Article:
A problem we have come across time and again in our personal injury practice is that drug samples handed out by medical providers are often not well-documented (if even documented at all) in our clients’ medical charts. This can especially be problematic if there is a drug recall and the patient cannot be notified, or if the client suffers a drug-related injury and cannot document how many pills, including the dosage information and lot numbers, or for how long the medication was ingested. In the May 2009 issue of PLoS Medicine (Public Library of Science), an article entitled “No More Free Drug Samples?” raises some valid questions and concerns regarding the practice of drug sampling by physicians:
Drug samples don’t help the poor – According to the authors, studies show that less than one-third of drug samples handed out by physicians are to the poor, while the highest income category patients are the most likely to receive samples. Additionally, low-income patients without insurance were less likely to receive samples as opposed to patients with health insurance. According to research published last year in the February 2008 issue of the American Journal of Public Health, only 28 percent of those who got samples were poor, whether insured or not.
Samples serve as marketing, not charity – Pharmaceutical companies spend a considerable portion of their advertising budgets on marketing and distributing samples to doctors. Numerous studies have shown that samples have a major influence on the prescribing habits of physicians. In one study, doctors with access to samples were more likely to prescribe those drugs instead of an over-the-counter alternative.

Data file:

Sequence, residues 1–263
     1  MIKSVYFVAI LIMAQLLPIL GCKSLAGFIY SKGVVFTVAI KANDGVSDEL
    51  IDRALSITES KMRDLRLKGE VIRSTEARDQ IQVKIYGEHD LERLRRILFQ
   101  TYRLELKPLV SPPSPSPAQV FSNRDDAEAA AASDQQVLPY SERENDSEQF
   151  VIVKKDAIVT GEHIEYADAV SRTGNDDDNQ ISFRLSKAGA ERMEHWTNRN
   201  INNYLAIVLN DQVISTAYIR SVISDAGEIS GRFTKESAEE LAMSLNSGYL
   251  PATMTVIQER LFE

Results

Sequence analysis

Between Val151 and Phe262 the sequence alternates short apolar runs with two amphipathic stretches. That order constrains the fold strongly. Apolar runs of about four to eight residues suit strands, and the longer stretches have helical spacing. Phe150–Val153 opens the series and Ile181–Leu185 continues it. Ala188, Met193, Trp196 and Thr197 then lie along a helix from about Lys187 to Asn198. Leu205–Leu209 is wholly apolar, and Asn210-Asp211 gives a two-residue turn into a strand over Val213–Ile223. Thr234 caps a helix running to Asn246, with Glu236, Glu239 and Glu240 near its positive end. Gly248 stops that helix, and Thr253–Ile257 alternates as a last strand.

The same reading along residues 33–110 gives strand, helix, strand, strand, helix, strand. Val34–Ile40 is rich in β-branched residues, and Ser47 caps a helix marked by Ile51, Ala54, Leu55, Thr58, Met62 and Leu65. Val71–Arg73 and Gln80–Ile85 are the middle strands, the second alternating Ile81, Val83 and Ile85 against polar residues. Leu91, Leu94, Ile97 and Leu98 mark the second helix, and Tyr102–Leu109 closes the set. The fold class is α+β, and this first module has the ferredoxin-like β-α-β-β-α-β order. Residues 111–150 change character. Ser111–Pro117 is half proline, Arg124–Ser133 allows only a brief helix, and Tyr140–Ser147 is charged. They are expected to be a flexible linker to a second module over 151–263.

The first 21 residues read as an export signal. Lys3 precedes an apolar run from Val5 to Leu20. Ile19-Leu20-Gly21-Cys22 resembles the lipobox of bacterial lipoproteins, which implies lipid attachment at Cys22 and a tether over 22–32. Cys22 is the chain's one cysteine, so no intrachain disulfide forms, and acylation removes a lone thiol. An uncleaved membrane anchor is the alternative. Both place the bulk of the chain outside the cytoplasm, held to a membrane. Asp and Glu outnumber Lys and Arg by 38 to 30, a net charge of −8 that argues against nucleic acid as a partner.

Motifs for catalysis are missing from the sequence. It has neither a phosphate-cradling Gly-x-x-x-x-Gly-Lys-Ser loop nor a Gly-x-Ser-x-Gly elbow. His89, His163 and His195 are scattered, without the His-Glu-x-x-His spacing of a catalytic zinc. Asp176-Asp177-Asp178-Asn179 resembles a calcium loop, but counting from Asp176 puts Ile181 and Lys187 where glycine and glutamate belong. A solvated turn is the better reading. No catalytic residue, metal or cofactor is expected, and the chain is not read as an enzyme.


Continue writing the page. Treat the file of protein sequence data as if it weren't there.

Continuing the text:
Samples lead to a negative quality of care – There are many valid reasons the authors give as to why samples actually decrease the quality of care. Since most samples are for expensive, new drugs (and not generics), samples make it easier to ignore cheaper generic options that could be saving patients and the system cash over time. Also, new drugs often lack long-term medical studies confirming safety and efficacy. Perhaps most dangerous, though, is the lack of pharmacy oversight. Pharmacists are trained to identify potentially harmful drug interactions, intercept medication errors, and offer more detailed instructions and warnings to patients. A sample given by the doctor, in contrast, does not have any oversight by a pharmacist. This could lead to dangerous medication errors or interactions.
Samples lead to increased healthcare costs – health care costs increase because of samples, for both the patient receiving them and the industry as a whole. Samples create an even more competitive prescription drug market, as manufacturers spend an immense amount of money to increase their market share. In turn, these costs are recouped in the ever-increasing drug cost to consumers. Prescription drug costs in the U.S. increased FIVE TIMES from 1990 to 2005. This number is still rising – another article predicts prescription drug costs will increase from $216 billion in 2006, to over $500 billion in 2017.
Obviously, economic times are tough for many people and medical costs are soaring, but there are a number of safety issues in giving drug samples that are troubling. Even if some instructions are given to the patient, there’s usually no information about potential interactions with other drugs, much less instructions on how the drug should be taken. The authors instead suggest using a voucher system that would enable a patient to have a prescription filled at a pharmacy without charge. This certainly would help to eliminate some of the problems plaguing the current system like inadequate documentation and lack of pharmaceutical review.
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